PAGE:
BOISE – It turns out that the “buyout” clause in the state’s $182 million laptop contract is not what the state Department of Education originally described – a cost that “is only paid if the contract is severed for some reason” and “may or may not be paid.”
In response to my inquiries, after I found no reference to such an early-cancellation buyout fee in the contract, department spokeswoman Melissa McGrath told me, “That would be my error.”
Instead, the “buyout” clause is the amount the state would have to pay at the end of the contract term – after it’s run its full eight years – to buy out the remaining years in the four-year leases on the laptops issued to students still working their way through high school. Since they’d be phased in over the next four years and then replaced every four years, each year’s wave would have a different lease expiration date, and all would have to be bought out.
The eight-year Students Come First contract is intended to provide every Idaho high school student and teacher with a laptop computer. State officials signed the contract with Hewlett-Packard Co. on Oct. 23, but if voters reject Proposition 3, which authorizes the program, the contract will be canceled at no cost to the state.
The Spokesman-Review obtained a copy of the contract last week under the Idaho Public Records Law, though the department would provide the 362-page document only in paper form. We had it scanned, and it’s on our website.
I’m still awaiting answers as to why the buyout amount estimated by the department, $14.2 million, doesn’t match up to the amount of remaining lease payments times the number of laptops, which comes to $21.9 million. If that’s the required buyout at the end of the term, the total contract cost is $189,687,228, not the $181,935,125 the department estimates.
McGrath said the difference comes because the state is scheduled to pay the laptop leases in semiannual installments each year, with the two payments together totaling $292.77 per unit per year. “The $14.2 million figure was an estimate HP provided for us,” McGrath said in an email. “The $21 million calculation would have been based on the full cost of the buyout, yet since the state is doing semi-annual payments with HP, it will only pay half of these costs at the end of 8 years.”
Here’s my problem with that logic: Whether you pay in two installments or a single piece, you still pay the same amount. The state’s estimates show no additional payment in Year 8 for the first half of the buyouts; costs for Year 8 are estimated at $26,459,382, the exact same amount as for years 4, 5, 6 and 7 of the contract, equal to the estimated 90,376 laptops times $292.77.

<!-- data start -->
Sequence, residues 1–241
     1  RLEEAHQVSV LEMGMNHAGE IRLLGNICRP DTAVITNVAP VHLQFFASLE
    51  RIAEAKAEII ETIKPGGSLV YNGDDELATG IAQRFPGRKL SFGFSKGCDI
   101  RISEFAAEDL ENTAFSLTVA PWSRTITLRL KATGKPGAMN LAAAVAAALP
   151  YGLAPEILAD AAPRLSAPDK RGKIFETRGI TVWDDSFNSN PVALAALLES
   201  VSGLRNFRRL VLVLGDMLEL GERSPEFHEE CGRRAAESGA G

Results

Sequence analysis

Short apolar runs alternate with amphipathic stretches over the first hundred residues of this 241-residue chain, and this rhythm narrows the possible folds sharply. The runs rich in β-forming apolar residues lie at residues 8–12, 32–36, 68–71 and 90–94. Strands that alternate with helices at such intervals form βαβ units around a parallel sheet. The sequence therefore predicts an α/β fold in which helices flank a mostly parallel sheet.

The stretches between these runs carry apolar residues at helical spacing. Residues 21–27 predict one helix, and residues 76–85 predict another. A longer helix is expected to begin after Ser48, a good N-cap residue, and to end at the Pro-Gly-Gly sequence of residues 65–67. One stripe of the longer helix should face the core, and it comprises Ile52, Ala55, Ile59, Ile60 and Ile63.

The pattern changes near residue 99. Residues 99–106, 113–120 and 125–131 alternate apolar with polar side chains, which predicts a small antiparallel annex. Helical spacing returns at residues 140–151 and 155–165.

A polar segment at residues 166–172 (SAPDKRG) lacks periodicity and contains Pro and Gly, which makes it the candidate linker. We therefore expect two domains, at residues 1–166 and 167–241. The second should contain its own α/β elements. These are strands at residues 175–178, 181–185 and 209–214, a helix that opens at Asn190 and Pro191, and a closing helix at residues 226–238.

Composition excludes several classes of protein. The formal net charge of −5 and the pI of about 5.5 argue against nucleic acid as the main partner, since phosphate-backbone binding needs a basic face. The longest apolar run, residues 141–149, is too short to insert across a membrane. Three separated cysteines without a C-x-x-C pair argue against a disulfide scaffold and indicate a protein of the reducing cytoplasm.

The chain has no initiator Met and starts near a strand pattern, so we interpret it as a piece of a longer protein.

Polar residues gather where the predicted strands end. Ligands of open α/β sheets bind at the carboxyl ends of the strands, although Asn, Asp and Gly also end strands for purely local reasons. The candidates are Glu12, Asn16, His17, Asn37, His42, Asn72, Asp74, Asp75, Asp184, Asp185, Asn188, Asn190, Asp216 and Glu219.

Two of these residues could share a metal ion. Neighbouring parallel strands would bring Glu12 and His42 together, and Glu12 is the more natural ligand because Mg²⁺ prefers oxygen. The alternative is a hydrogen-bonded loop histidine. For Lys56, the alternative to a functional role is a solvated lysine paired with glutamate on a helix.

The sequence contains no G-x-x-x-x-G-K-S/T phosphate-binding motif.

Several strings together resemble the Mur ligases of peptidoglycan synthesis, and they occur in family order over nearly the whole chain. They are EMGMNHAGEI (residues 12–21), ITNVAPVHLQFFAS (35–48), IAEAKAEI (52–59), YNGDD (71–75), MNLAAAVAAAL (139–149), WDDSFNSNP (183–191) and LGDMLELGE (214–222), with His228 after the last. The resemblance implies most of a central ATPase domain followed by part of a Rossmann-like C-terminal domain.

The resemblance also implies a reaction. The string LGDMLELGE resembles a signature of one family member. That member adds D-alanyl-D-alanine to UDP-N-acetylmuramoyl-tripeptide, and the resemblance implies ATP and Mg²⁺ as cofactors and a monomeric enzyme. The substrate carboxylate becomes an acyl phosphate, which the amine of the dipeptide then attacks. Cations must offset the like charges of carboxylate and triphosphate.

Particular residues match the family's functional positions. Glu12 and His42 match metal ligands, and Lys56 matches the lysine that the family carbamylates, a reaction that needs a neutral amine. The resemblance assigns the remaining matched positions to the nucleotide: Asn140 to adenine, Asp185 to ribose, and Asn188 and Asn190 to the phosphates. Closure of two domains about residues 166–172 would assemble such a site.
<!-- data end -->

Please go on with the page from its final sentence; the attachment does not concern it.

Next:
McGrath was unable to get further information on the figure on Friday. “I believe either it’s already factored in or it’s not getting paid,” she said. “This is the full amount of the contract.”
She added, “That is how our accountants and HP accountants have figured this out based on the semiannual payments.”
Incidentally, the contract also allows for up to a 4 percent increase in the $292.77 rate after the first four years, if HP can provide “full justification as to why the adjustment is necessary.” If that full 4 percent were approved at that point, it would add another $4.2 million to the cost of the contract.
Give, take back, give?
The big news last week, when the previously anonymous donations to Education Voters of Idaho were revealed under a court order, was the $200,000 donation from New York Mayor Michael Bloomberg to the pro-school reform ballot measure campaign in Idaho. But the Associated Press identified another little story amid the names.
Hagadone Hospitality gave $15,000 to the secretive group, according to EVI’s campaign finance report. Hagadone also had given $15,000 to the official Yes for Idaho Education campaign, which was disclosed. But what AP found is that the Aug. 6 donation to the Yes group was refunded on Aug. 14. Then, on Sept. 24, the donation in the same amount was made to EVI.
That means Hagadone Hospitality gave openly to the campaign in favor of Propositions 1, 2 and 3, took it back, and then gave it secretly.
Otter OK with disclosure
Idaho Gov. Butch Otter, who said his wife, Lori, asked Bloomberg for the EVI donation and who said he personally solicited a $250,000 donation to the group from Albertsons heir Joe Scott, said he was fine with the donors being disclosed. “I think, look, that’s the law,” Otter said. “No matter where you organize the organization … they’ve got to obey our laws. And that has been my position all along.”
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